Why Guilt-Ridden People Make Better Leaders
“Uh…well, I’m going to lunch,” I said. It was 12:15, and my stomach was growling.
Fred doesn’t usually show up around here in the executive suite, so it seemed a little suspicious. But, whatever. Maybe he was looking for a lunch date.
He stood there at my office door, looking awkwardly down at the floor while pawing his foot into the carpet, then he commented on the colorful print hanging on my office wall.
“Yes,” I agreed, as we both fixed an admiring gaze towards it. “The evocative interrelation between color and form has a soothing effect, don’t you think?” Fred nodded.
We chatted for a couple more minutes about this and that, and then he suddenly swooped in for the kill.
“Your name has come up for a random drug test,” he abruptly announced, as if cramming the entire sentence into one lengthy, multi-syllabic word.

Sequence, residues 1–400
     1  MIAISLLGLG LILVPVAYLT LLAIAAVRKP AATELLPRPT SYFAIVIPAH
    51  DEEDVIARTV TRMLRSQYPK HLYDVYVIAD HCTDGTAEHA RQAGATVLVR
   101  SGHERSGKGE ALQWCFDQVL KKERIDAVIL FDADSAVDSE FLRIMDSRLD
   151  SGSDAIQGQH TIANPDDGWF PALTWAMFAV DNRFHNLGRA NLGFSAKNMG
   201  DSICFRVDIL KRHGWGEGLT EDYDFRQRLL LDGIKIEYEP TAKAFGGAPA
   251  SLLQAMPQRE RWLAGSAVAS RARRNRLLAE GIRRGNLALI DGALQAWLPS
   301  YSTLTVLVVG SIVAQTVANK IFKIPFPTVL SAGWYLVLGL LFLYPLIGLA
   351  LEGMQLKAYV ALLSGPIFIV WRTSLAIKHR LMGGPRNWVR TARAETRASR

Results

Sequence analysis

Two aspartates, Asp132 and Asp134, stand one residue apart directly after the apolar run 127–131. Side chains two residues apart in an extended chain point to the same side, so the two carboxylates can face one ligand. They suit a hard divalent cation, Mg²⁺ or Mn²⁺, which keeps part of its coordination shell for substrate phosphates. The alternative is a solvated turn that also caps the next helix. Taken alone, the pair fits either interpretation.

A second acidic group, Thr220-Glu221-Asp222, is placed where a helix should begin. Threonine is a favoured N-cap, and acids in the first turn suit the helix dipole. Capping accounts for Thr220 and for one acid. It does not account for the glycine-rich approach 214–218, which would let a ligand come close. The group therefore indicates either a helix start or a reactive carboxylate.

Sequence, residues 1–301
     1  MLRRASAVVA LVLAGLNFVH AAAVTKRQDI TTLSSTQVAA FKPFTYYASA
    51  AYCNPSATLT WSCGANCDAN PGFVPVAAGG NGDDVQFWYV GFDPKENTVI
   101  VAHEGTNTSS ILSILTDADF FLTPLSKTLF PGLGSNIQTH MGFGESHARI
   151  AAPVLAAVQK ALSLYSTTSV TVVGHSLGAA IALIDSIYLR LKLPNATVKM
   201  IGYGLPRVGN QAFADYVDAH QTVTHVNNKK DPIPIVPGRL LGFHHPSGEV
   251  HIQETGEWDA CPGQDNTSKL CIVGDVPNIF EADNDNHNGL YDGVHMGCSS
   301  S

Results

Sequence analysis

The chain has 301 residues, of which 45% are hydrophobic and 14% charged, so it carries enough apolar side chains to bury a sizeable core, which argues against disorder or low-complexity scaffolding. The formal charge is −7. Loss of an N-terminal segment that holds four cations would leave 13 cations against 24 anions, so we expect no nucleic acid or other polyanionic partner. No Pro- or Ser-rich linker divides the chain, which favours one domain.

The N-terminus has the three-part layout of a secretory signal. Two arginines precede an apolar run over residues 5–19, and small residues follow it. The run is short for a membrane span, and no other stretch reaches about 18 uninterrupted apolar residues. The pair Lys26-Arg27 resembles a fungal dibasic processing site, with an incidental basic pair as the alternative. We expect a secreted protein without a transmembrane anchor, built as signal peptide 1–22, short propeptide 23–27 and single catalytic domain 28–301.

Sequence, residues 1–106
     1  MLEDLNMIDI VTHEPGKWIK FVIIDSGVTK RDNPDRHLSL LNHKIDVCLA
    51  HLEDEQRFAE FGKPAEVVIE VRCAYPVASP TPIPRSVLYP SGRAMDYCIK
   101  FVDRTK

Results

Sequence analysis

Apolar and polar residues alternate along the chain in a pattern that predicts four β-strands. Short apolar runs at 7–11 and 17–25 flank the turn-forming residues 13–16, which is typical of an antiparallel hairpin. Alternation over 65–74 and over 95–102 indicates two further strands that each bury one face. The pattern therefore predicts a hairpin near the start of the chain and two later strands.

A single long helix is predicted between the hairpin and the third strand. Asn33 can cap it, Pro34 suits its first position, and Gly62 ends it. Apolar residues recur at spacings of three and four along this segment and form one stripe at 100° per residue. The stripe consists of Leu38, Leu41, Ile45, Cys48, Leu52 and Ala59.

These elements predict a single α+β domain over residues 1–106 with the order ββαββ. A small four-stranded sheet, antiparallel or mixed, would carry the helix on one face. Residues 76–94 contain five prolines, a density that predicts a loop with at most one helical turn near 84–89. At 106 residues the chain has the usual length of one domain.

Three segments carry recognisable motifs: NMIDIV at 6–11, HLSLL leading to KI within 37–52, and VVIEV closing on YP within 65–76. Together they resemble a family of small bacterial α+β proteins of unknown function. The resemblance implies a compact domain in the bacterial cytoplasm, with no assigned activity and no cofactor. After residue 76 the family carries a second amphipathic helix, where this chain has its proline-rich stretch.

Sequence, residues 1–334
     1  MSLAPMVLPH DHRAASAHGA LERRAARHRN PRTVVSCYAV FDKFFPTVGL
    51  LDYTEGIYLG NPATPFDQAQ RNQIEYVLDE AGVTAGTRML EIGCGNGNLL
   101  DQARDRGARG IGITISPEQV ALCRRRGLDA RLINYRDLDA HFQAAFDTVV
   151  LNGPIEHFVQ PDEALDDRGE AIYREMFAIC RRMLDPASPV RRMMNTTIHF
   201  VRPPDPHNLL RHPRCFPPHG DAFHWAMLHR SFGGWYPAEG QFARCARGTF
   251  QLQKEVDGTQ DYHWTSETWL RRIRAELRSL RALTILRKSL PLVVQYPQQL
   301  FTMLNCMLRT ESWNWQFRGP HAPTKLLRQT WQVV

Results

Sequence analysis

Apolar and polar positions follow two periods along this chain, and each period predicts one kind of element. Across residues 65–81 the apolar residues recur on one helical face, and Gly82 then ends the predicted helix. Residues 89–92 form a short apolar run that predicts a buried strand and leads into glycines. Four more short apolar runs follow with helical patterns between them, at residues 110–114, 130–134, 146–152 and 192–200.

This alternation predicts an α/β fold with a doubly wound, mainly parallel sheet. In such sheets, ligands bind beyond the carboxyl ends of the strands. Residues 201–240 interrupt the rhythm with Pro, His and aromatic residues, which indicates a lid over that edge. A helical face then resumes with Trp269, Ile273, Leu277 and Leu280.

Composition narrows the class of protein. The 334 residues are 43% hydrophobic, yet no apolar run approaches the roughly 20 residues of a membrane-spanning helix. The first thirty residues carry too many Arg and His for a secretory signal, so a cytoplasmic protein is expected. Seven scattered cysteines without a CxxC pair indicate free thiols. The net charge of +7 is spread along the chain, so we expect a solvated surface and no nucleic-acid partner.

Ah. So that’s why Fred is here.
Our company, like many others, has a random drug screening program. Fred asked if I would mind being escorted to the occupational health unit.
“Sure!” I exclaimed enthusiastically as I jumped out of my chair, suddenly feeling the compulsion to sound overly innocent and pure. Meanwhile, a rush of terrorizing thoughts ran through my head.
“Did I take any drugs last night? No, duh, of course not! But what about wine? Does that count? Dear Lord - I had two glasses of wine! And on a weeknight! Wait – what about those fish-oil pills? I think I read somewhere they test positive. Oh no! My acid reflux prescription! That will surely show up as cocaine or something! No, no, no, no, no!”
I tried to maintain a low profile walking down the corridor as the panic of guilt-ridden thoughts swept over me. Eventually, I worked up enough courage to ask the most dreaded question of all:
“Will I have to pee in front of you?”
Fred chuckled. “Only if you tamper with the evidence.” I made a mental note to follow the instructions very, very carefully.
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